It’s odd to admit but I’ve recently realized that I have somehow stumbled into a reader relationship with Jeff Vandermeer. It all started because I, an unpublished fantasy author, began to worry that my young adult fantasy wasn’t – well – weird enough. I can’t really remember how I found Vandermeer’s Wonderbook. Maybe it was through a targeted Amazon search or perhaps browsing at my favorite book store. Either way I was entranced by the creativity on the cover and found within. Wonderbook was weird, but beautifully so. I can remember going through some of the Wonderbook exercises and wondering if Mr. Vandermeer had written any fiction. Or did he just teach the craft of creativity, rather than putting that skill into practical use
Not long after the Wonderbook purchase I found myself watching the film Annihilation. The ambiguity of the story bothered me so I sought the source material and low and behold I came across Jeff Vandermeer again! In a surprising coincidence Vandermeer was the author of the book Annihilation. I eagerly consumed the book hoping for a clearer understanding around some key events in the movie. Ultimately, I was left with more questions than answers and, lucky for me, realized that the book was the first part of a trilogy. A seeming endless supply of Jeff Vandermeer! I dove into Books 2 and 3 with gusto, determined to answer some of my outstanding questions and inspire my own writing.
I have reviewed the Southern Reach Trilogy in another blog post but suffice it to say there were things I admired and those that I didn’t, along with questions that remained unanswered. However, Vandermeer’s world was so unique and his writing so enchantingly odd that I was determined to push past my reservations and keep an open mind. That’s when I picked up another of his books entitled simply Borne.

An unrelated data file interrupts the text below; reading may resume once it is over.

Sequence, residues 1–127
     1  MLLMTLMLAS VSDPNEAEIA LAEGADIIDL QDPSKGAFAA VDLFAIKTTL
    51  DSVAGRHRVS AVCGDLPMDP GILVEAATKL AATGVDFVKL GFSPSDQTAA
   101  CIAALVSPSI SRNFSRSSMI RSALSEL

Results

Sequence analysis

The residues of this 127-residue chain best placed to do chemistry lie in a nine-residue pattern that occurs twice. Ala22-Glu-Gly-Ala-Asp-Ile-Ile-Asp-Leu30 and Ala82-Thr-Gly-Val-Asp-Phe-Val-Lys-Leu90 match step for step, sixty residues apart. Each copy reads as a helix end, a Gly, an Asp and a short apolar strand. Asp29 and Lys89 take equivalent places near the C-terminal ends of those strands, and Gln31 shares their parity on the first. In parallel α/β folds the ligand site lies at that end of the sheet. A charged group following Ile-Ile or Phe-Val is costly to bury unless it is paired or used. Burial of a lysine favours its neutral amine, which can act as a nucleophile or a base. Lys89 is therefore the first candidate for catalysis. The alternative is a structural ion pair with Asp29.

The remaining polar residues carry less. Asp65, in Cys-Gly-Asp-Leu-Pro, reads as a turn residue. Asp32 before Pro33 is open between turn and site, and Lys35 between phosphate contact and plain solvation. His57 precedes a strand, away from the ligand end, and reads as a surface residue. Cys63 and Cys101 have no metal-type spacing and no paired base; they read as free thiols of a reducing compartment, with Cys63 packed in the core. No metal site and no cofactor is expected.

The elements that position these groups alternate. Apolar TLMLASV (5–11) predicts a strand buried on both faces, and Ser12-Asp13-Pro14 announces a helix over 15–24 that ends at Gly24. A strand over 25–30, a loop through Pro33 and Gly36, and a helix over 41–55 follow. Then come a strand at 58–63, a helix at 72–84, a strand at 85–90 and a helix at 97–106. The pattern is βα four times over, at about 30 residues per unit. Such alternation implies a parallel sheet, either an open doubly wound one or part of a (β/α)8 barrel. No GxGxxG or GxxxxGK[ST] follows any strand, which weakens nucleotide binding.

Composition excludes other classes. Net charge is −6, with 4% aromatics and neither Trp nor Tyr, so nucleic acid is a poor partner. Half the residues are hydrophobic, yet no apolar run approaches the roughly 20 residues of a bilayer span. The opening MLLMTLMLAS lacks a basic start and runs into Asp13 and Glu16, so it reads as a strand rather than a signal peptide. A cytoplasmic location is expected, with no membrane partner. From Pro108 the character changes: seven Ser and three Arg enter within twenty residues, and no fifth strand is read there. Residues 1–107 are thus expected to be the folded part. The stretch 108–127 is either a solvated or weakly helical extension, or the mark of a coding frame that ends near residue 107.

A basic synopsis is simply this: A scavenger trying to survive in a world decimated by a biological experiment(s) gone horribly wrong finds a strange organism and decides to claim it as her own. She names this creature Borne.
What I loved about this story was the intimacy of the lead character Rachel and her life partner Wick, and how the introduction of Borne throws a major kink in their ordered yet precarious existence. Borne is a fascinating character, unsure what he is for most of the story he grapples with the riddle of his existence. There is an innocence about Borne that is almost immediately endearing. There is danger though too. In this world creatures with terrible purpose were created and released into the wild, both to keep order and create chaos. Which is Borne? Rachel thinks she knows but Wick suspects otherwise. It is this tension that drives much of the story.
Also fascinating is the world in which they inhabit. How did everything so wrong? The fall of society is left somewhat unclear, sensing (rather than outright being told) that the scarcity of resources led to the creation of certain “biotech” that might have hastened the world’s demise. Rachel, Wick, and Borne live in a harsh reality and their efforts to survive such a hostile environment are compelling enough on their own, regardless of the triangle that erupts between them.
The story is told from Rachel’s perspective and she must ultimately resolve her conflicted relationship with Wick and Borne. Where does her loyalty lie? Why does she have to choose? Can they find a way to coexist in harmony and work together to overcome a multitude of external threats in this dangerous new world? These questions are answered but not in a predictable manner and with plenty of surprises thrown in along the way. After all, who doesn’t have secrets in a post-apocalyptic world?